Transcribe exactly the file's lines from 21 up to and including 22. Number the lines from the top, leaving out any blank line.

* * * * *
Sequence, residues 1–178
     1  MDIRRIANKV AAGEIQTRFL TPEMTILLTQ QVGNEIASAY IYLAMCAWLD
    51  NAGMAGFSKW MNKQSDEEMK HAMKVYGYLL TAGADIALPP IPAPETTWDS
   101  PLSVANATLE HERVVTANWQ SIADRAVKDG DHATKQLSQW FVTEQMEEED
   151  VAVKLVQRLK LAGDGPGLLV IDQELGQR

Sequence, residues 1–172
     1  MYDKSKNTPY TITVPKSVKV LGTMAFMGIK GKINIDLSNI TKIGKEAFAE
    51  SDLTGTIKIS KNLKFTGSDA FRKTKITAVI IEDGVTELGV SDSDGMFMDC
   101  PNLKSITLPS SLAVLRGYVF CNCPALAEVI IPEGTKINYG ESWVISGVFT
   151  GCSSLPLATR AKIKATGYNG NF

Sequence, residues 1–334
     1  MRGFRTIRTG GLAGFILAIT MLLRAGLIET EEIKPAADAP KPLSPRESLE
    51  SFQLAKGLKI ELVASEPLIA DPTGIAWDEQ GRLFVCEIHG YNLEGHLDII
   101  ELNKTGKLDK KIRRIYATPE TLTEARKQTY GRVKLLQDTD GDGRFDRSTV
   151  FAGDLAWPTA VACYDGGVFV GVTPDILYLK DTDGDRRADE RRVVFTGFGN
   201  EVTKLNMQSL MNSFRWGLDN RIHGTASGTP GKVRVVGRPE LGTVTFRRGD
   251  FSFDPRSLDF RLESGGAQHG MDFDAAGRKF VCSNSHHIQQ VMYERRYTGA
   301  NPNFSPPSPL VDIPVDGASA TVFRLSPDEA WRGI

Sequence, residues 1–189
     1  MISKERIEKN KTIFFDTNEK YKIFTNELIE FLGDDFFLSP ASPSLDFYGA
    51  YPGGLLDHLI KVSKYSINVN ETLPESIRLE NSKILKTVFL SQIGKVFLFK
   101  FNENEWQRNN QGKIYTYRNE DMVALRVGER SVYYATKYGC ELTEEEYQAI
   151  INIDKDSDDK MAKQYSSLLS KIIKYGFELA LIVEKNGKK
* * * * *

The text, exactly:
    51  YPGGLLDHLI KVSKYSINVN ETLPESIRLE NSKILKTVFL SQIGKVFLFK
   101  FNENEWQRNN QGKIYTYRNE DMVALRVGER SVYYATKYGC ELTEEEYQAI